In his humorless and overbearing way, Meeker set out systematically to destroy everything the Utes cherished, to make them over into his own image, as he believed he had been made in God's image. His first unpopular action was to move the agency fifteen miles down White River, where there was fine pastureland suitable for plowing. Here Meeker planned to build a cooperative agrarian colony for Ute Indians, but he overlooked the fact that the Utes had long been using the area as a hunting ground and for pasturing their horses. The site he chose to build agency buildings on was a traditional racing strip where the Utes enjoyed their favorite sport of betting on pony races.
Meeker found Quinkent (Douglas) to be the most amiable of the chiefs at White River. He was a Yampa Ute about sixty years old, his hair still dark, his pendant mustaches turning white. Douglas owned more than a hundred ponies, which made him rich by Ute standards, but he had lost most of his following among the younger men to Nicaagat (Jack).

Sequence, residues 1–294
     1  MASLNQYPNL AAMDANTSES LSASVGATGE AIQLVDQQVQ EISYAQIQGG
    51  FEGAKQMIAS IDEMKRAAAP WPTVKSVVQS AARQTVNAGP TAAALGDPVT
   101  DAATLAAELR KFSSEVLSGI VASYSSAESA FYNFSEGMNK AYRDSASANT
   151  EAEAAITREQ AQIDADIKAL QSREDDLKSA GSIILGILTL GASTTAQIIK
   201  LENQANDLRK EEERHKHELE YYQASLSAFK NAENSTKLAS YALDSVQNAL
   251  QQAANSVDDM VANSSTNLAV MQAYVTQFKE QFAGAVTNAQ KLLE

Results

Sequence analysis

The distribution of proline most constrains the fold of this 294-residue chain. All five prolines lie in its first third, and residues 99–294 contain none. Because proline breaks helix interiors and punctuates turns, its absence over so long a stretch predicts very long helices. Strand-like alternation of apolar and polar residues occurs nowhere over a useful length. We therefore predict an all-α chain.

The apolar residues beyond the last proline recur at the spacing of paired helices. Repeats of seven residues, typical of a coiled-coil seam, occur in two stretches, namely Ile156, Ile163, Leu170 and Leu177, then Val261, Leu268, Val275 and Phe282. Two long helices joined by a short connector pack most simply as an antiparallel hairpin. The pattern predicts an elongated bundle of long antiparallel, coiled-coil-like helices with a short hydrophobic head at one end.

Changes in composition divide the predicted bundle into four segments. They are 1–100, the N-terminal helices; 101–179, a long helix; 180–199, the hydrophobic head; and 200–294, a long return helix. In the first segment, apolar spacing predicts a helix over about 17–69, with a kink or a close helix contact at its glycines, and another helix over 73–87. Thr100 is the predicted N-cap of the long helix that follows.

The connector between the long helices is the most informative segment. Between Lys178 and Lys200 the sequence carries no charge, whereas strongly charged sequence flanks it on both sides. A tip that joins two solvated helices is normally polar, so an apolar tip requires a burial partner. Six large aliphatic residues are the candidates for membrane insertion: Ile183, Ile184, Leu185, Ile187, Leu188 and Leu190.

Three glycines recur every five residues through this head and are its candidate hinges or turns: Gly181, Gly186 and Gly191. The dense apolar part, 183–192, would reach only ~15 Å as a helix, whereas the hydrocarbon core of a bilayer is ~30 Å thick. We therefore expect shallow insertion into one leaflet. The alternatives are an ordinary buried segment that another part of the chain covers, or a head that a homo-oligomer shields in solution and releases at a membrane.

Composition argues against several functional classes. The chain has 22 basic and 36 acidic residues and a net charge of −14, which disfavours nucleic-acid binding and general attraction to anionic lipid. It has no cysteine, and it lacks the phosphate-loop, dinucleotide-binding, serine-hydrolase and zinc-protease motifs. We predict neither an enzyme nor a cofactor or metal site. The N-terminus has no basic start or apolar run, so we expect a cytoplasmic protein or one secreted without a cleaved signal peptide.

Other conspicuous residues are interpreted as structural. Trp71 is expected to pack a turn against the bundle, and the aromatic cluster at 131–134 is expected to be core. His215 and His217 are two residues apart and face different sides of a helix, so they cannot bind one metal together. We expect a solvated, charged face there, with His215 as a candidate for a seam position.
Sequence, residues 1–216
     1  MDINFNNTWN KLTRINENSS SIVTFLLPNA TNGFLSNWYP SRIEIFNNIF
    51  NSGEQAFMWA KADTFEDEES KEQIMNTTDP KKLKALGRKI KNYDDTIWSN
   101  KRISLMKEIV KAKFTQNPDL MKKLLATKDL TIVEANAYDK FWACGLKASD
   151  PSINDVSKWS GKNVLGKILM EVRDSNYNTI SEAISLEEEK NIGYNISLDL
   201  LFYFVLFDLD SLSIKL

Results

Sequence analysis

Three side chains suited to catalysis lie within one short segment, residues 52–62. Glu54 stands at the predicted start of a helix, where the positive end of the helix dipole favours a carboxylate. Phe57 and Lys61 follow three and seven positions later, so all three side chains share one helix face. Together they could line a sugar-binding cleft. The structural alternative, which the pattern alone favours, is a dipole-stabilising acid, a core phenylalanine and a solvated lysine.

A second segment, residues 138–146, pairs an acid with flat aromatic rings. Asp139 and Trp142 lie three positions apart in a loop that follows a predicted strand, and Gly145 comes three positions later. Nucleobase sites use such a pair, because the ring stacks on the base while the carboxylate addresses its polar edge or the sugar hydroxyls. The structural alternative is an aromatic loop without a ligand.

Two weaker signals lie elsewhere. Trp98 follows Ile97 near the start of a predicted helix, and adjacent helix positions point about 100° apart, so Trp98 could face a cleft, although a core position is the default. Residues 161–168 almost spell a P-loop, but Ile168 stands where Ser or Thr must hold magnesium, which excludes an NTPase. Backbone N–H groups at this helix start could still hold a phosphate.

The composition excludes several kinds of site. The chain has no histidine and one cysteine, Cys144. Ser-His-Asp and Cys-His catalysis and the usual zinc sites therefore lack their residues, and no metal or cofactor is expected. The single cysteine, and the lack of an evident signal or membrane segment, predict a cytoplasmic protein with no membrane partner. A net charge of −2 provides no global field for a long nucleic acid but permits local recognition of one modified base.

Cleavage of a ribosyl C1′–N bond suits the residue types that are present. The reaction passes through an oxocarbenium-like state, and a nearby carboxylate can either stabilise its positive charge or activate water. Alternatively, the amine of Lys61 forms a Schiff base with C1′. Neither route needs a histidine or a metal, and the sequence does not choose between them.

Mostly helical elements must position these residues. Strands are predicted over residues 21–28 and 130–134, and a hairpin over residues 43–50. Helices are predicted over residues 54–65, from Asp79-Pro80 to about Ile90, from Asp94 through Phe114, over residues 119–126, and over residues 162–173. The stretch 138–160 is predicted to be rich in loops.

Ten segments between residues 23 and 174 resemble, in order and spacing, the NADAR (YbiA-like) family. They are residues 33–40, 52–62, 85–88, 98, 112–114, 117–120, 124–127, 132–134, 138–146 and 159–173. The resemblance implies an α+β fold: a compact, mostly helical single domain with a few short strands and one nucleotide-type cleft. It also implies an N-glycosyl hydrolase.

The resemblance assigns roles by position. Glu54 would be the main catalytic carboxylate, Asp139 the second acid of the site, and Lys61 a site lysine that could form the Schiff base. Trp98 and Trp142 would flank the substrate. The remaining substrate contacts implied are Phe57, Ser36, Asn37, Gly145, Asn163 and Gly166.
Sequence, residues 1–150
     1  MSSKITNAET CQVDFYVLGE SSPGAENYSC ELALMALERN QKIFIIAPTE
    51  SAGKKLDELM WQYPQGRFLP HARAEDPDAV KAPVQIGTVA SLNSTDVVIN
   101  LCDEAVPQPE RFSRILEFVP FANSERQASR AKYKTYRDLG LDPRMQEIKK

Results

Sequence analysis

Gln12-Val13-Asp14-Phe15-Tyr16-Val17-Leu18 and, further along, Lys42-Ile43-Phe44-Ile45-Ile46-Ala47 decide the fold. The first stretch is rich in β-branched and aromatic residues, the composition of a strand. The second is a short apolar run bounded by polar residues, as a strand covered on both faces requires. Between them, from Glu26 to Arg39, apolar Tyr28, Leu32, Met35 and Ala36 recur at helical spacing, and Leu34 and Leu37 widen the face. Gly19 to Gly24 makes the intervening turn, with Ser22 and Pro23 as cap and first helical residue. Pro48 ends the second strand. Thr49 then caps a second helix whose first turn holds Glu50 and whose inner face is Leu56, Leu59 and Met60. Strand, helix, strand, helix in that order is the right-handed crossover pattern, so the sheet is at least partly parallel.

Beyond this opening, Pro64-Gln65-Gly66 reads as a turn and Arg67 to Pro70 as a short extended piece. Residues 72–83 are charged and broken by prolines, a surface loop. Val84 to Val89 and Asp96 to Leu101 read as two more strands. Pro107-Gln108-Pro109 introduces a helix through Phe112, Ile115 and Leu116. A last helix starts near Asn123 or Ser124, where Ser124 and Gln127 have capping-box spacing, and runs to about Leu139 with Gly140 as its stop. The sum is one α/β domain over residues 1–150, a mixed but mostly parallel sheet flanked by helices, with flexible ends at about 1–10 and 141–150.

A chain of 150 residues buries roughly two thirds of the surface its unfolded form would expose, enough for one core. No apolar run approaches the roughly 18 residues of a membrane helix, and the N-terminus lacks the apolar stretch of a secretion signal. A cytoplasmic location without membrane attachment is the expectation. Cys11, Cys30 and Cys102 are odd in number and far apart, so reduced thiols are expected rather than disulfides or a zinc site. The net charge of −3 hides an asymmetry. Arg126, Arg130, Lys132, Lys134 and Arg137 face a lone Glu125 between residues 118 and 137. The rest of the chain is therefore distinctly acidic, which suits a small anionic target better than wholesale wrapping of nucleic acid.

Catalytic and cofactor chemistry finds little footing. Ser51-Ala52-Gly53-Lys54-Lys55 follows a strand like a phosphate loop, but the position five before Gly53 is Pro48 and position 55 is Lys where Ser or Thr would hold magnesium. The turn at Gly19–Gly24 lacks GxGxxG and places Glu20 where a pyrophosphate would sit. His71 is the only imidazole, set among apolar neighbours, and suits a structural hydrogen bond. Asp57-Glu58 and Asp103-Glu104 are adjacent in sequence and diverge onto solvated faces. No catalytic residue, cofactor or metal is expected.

It was Meeker's fancy to have the Utes address him as Father Meeker (in their savage state he looked upon them as, children), but most of them called him "Nick," much to his displeasure.